Bruce Bagley is a noted expert on crime and corruption in Latin America, writing books on the topic and serving as a go-to person for journalists.
But at the same time, prosecutors said, Dr. Bagley, a retired University of Miami professor, was himself involved in a bribery and corruption scheme in Venezuela.
On Tuesday, Dr. Bagley, 75 and in poor health, was sentenced by a federal judge in Manhattan to six months in prison for money laundering.
“I am ashamed of my irresponsible behavior,” Dr. Bagley said via Zoom before Judge Jed Rakoff of U.S. District Court in Manhattan, according to The Associated Press. “I have spent my life as an academic working to understand and improve conditions in many countries in Latin America, and to be here today is the greatest departure from the life that I have aspired to.”
Dr. Bagley, a former international studies professor, used bank accounts in his name and that of a company he created in Florida to launder about $2.5 million, keeping a commission for himself, prosecutors said. They said that he had personally reaped $192,000 from November 2017 to September 2018 as part of the scheme, adding that the money was “stolen from the citizens of Venezuela.” Dr. Bagley pleaded guilty in June 2020 to two counts of money laundering, prosecutors said.
Peter Quijano, a lawyer for Dr. Bagley, declined to comment Tuesday. In court papers this month, he argued for no prison time and a sentence of time served, noting that the nonviolent crime was his client’s first criminal conviction, that Dr. Bagley was in poor health, and that he had an otherwise distinguished career as a professor and mentor.
Mr. Quijano also said that Dr. Bagley had already suffered “severe collateral consequences” as a result of his conviction: irreparable harm to his career and reputation and the stress that affected his wife before her death this year. Mr. Quijano described Dr. Bagley as unfailingly devoted to his wife.
“He is overwhelmed by dark thoughts that his arrest, in fact, hastened her death,” Mr. Quijano wrote in a sentencing memorandum.
Prosecutors had argued for a sentence below guidelines of 46 to 57 months, but did not specify exactly how much lower. In court papers this month, prosecutors said that although Dr. Bagley’s age and health should be taken into consideration, some incarceration was necessary to serve as a deterrent.
In court on Tuesday, Judge Rakoff said that a sentence of up to five years, as recommended by federal guidelines, would be “irrational” and “overly punitive,” according to The A.P. But like prosecutors, the judge said some incarceration was needed. The judge recommended that Dr. Bagley’s sentence be served in a medical facility, according to a Justice Department spokesman.
According to prosecutors, Dr. Bagley opened a bank account in Florida under his company’s name, Bagley Consultants, in 2016. But there was hardly any activity in the account until a year later, when he started receiving large deposits from bank accounts in the United Arab Emirates and in Switzerland.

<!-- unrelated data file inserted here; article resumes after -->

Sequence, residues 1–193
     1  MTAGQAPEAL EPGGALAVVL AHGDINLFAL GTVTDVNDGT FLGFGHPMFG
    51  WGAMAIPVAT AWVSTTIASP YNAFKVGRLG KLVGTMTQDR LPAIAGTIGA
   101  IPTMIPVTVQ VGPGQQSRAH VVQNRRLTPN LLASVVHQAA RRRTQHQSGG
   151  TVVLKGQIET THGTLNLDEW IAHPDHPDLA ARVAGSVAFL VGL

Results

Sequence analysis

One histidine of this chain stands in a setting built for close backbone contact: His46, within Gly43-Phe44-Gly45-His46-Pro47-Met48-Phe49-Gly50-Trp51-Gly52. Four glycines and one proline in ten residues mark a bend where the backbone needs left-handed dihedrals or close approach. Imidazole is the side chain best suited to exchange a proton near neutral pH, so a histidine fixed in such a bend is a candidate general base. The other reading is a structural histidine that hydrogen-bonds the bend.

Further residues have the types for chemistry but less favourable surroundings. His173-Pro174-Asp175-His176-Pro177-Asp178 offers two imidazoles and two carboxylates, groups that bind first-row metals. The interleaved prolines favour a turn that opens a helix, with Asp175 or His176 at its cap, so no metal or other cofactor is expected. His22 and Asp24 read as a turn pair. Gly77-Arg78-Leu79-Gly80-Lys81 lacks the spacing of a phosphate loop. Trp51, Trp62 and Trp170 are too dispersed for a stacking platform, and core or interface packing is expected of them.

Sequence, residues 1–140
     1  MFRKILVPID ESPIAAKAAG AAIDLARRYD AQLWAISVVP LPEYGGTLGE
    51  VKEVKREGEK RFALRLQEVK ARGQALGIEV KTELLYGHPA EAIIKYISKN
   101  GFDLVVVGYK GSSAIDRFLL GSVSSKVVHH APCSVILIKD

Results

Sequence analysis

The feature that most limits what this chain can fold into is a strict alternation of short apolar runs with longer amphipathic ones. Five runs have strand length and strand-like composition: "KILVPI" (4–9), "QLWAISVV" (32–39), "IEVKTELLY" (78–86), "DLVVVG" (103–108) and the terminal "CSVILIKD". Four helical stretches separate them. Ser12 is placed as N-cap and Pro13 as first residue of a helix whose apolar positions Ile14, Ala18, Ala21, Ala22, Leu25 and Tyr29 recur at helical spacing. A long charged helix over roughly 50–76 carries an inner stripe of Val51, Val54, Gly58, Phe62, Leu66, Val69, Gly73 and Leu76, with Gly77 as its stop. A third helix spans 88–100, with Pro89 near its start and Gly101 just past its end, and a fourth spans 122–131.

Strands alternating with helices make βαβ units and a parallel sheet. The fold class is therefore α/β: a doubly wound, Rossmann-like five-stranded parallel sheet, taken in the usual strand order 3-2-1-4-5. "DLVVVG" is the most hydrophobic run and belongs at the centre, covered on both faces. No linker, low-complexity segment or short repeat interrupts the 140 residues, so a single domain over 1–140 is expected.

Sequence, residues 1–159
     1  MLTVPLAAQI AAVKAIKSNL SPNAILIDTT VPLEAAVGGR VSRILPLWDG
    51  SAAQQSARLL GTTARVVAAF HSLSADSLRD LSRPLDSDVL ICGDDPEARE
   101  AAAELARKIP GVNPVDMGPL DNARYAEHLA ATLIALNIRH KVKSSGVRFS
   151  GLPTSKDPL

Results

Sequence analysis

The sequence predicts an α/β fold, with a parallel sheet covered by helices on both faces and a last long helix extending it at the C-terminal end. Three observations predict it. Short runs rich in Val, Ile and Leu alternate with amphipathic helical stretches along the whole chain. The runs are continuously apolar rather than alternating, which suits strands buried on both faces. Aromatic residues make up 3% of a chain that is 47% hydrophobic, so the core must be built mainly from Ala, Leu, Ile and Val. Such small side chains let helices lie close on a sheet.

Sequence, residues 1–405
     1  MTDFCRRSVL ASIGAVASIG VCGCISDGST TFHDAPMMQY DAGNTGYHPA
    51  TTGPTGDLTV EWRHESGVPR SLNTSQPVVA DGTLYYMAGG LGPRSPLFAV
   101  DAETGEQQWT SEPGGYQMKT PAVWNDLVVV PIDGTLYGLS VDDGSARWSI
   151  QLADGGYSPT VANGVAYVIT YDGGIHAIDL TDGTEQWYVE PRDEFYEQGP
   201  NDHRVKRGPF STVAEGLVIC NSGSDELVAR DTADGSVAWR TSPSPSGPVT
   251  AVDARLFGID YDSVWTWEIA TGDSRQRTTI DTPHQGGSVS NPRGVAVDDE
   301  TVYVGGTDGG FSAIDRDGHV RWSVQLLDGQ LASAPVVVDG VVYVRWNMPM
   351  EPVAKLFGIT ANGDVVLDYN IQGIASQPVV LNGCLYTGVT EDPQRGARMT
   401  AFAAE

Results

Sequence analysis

Those accounts ostensibly belonged to a food company and a wealth management firm but were actually controlled by a Colombian national whose money came from “the proceeds of foreign bribery and embezzlement stolen from the Venezuelan people,” according to an indictment.
Dr. Bagley knew the source of the money and entered into “multiple sham contracts” in order to conceal it, according to the indictment.
After each deposit, Dr. Bagley would go to his bank and get a cashier’s check for about 90 percent of the money, which he would then give to another individual, and wire the rest to his personal bank account, the indictment said.
In October 2018, the bank closed the company’s account because of suspicious activity, according to the indictment. But Dr. Bagley opened another account in his name that December and continued the scheme until April 2019, receiving at least 14 illegal deposits, prosecutors say.
Though Dr. Bagley lives in Florida and the laundered funds were sent to Florida banks, prosecutors said they were prosecuting the case in Manhattan because the money passed through New York City as it came from abroad.
Prosecutors said a prominent Colombian businessman, Alex Saab, was also involved in the scheme. Mr. Saab, known as a financial fixer for President Nicolás Maduro of Venezuela, was extradited last month by the United States to face money laundering charges on American soil, his lawyer said, making him one of the highest-ranking supporters of Mr. Maduro to be taken into American custody.
Dr. Bagley has studied organized crime in Latin America for decades and has been published frequently on the subject. He edited an academic book released in 2015 titled “Drug Trafficking, Organized Crime, and Violence in the Americas Today.” Another book he edited, on the relationship between countries and organized crime, was released in 2019.
Over the years, he has been quoted numerous times in media reports about drug trafficking, including in articles in The New York Times about the international drug trade and stories from NPR about the ongoing political crisis in Venezuela.